From Duhem to van Fraassen: the empiricist tradition of ‘saving the phenomena’ against Galileo’s mathematization of nature
University College London
The debate on scientific realism has raged among philosophers of science for decades. The scientific realist’s claim that science aims at giving us a literally true description of the way things are, has come under severe scrutiny and attack by antirealists, in particular by Bas van Fraassen’s constructive empiricism. All science aims at is to save the observable phenomena, according to van Fraassen.
If we want to understand the philosophical origins of van Fraassen’s view on “saving the phenomena”, we have to go back to the empiricist tradition behind it, namely to Pierre Duhem’s illuminating series of historical essays called To Save the Phenomena. Duhem traces the philosophical tradition of “saving the phenomena” back to Plato. Indeed, Plato introduced what Duhem calls the “method of the astronomer”, which influenced the development of Greek astronomy for many centuries: the astronomer should be fully satisfied when the hypotheses he has introduced succeed in saving the phenomena, without aiming at giving a true description of nature. Duhem placed himself within this philosophical tradition and opposed it to the new “method of the physicist” inaugurated by Galileo. It is only with Galileo that the philosophical trend of “saving the phenomena” came to an end. Galileo wanted the foundations of astronomy to conform to reality; he believed that the Copernican system was not just a system of “mere contrivances for the calculation of astronomical tables but propositions that conform to the nature of things”.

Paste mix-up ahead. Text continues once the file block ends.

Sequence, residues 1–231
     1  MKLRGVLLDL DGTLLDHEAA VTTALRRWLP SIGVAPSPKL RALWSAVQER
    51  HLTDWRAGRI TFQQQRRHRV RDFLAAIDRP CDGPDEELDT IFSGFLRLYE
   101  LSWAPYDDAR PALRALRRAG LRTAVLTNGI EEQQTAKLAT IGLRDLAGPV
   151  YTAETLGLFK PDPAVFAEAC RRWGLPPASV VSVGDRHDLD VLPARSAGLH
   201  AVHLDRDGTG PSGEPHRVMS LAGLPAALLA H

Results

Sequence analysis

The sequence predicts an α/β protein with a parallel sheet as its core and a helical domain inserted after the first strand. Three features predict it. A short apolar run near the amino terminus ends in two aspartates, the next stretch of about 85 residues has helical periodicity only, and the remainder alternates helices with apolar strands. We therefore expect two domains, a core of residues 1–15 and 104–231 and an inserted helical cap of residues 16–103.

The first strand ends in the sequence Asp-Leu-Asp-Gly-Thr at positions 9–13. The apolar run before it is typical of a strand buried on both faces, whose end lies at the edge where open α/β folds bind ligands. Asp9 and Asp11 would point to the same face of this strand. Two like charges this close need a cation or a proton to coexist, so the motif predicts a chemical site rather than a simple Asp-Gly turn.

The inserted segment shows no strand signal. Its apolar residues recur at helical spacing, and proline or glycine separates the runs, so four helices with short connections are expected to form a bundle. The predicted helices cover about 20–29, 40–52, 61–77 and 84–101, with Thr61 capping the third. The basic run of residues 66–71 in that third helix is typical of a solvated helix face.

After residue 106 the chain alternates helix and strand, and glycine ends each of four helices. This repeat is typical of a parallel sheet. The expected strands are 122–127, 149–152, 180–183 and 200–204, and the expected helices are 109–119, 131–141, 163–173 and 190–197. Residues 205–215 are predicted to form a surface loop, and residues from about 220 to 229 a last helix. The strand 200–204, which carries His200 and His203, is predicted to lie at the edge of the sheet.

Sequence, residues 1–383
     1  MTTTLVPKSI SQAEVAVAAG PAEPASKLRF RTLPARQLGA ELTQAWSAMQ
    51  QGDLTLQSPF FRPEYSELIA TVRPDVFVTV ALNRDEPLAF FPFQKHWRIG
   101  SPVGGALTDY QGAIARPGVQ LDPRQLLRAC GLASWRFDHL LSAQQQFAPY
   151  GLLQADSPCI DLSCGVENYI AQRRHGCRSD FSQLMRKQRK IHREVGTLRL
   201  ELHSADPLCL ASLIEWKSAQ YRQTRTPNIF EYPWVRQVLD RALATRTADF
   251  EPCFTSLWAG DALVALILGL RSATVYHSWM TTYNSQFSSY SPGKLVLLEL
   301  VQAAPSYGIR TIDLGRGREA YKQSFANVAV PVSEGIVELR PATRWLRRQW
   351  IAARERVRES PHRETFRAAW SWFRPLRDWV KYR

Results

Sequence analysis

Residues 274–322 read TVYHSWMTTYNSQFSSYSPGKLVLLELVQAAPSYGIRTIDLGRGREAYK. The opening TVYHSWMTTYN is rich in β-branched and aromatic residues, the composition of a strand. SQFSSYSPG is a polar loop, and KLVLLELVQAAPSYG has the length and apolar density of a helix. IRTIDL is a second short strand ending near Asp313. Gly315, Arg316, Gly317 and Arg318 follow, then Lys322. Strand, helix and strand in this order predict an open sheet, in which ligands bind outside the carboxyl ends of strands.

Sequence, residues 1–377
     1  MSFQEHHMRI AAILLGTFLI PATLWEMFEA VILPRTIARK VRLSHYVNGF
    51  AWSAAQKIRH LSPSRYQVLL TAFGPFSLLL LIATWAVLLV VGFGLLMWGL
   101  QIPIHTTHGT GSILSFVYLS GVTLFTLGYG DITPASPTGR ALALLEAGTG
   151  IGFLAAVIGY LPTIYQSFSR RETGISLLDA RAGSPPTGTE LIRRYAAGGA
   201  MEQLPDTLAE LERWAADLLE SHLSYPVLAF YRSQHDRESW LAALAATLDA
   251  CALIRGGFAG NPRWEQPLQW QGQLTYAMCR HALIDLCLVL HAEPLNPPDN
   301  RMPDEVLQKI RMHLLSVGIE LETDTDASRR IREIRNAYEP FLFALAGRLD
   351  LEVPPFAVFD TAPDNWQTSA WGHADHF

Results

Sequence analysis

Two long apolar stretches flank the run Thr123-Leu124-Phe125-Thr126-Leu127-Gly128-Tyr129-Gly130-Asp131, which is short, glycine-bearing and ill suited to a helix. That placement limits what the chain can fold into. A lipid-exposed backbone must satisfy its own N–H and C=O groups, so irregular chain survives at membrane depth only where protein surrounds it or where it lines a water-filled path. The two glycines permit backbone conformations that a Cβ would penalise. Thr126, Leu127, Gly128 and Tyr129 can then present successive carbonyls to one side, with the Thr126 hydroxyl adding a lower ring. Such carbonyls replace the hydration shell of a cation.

In this paper, I explore the philosophical relevance of Galileo’s method to re-assess some widespread assumptions behind the notion of “phenomena” in current philosophy of science. I contend that the current impasse between scientific realists and antirealists depends in part on a naïve conception of phenomena that they surprisingly share; namely, phenomena as empirically accessible images of otherwise unobservable entities. By contrast with this naïve conception, I claim that Galileo’s mathematization of nature introduced a brand new conception of “phenomenon” that marked the real beginning of the scientific revolution, but that has also been largely misunderstood by modern philosophers of science following Duhem’s empiricist tradition. For instance, van Fraassen has recently portrayed Galileo’s mathematization of nature as follows: “Galileo’s discipline was to determine beforehand a small set of properties and restrict scientific descriptions to those. Not coincidentally, of course, they were the properties representable by geometry and arithmetic: number, size, shape…(…) Modern science began with Galileo’s and Descartes’ evangelical reification of the scientific image of the world”. Interestingly, van Fraassen traces back to Galileo’s mathematization of nature the scientific realist’s tendency to ‘reify’ nature.
By contrast with this empiricist reading of Galileo, I defend Kant’s reading. In the Preface to the II edition of the Critique of Pure Reason, Kant presented Galileo’s experiment with the inclined plane as a crucial episode in the history of science that marked the beginning of modern physics. Most importantly, Kant saw in Galileo’s experiment and, more in general, in his mathematization of nature, the emergence of a brand new conception of “phenomena” which he regarded as paradigmatic and upon which he patterned his own view about scientific knowledge and its being confined to phenomena. Kant neither endorsed phenomenalism nor embraced the empiricist view that all there is to science is to save the phenomena. Instead, he suggested a radically new conception of “phenomena”, and hence of scientific knowledge, which in my opinion not only does justice to Galileo’s method but can also shed light on the current impasse between scientific realists and constructive empiricists.
In this paper, 1) I spell out what Kant’s new conception of “phenomena” is; 2) I clarify in what respect it is patterned upon Galileo’s own method; 3) why it differs from the Duhem-van Frassen empiricist conception of phenomena; 4) why it can be all the more relevant to overcome the current standoff between scientific realists and constructive empiricists.